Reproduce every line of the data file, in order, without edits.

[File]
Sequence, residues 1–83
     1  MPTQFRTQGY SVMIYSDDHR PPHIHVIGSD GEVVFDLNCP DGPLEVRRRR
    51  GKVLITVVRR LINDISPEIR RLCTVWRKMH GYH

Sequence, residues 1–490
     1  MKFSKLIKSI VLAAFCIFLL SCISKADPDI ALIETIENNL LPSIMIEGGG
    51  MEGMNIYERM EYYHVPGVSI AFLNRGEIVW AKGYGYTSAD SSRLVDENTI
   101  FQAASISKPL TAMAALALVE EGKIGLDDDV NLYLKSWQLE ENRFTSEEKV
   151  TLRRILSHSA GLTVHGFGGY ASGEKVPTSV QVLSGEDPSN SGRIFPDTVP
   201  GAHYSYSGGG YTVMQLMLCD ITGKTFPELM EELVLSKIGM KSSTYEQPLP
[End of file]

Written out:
Sequence, residues 1–83
     1  MPTQFRTQGY SVMIYSDDHR PPHIHVIGSD GEVVFDLNCP DGPLEVRRRR
    51  GKVLITVVRR LINDISPEIR RLCTVWRKMH GYH

Sequence, residues 1–490
     1  MKFSKLIKSI VLAAFCIFLL SCISKADPDI ALIETIENNL LPSIMIEGGG
    51  MEGMNIYERM EYYHVPGVSI AFLNRGEIVW AKGYGYTSAD SSRLVDENTI
   101  FQAASISKPL TAMAALALVE EGKIGLDDDV NLYLKSWQLE ENRFTSEEKV
   151  TLRRILSHSA GLTVHGFGGY ASGEKVPTSV QVLSGEDPSN SGRIFPDTVP
   201  GAHYSYSGGG YTVMQLMLCD ITGKTFPELM EELVLSKIGM KSSTYEQPLP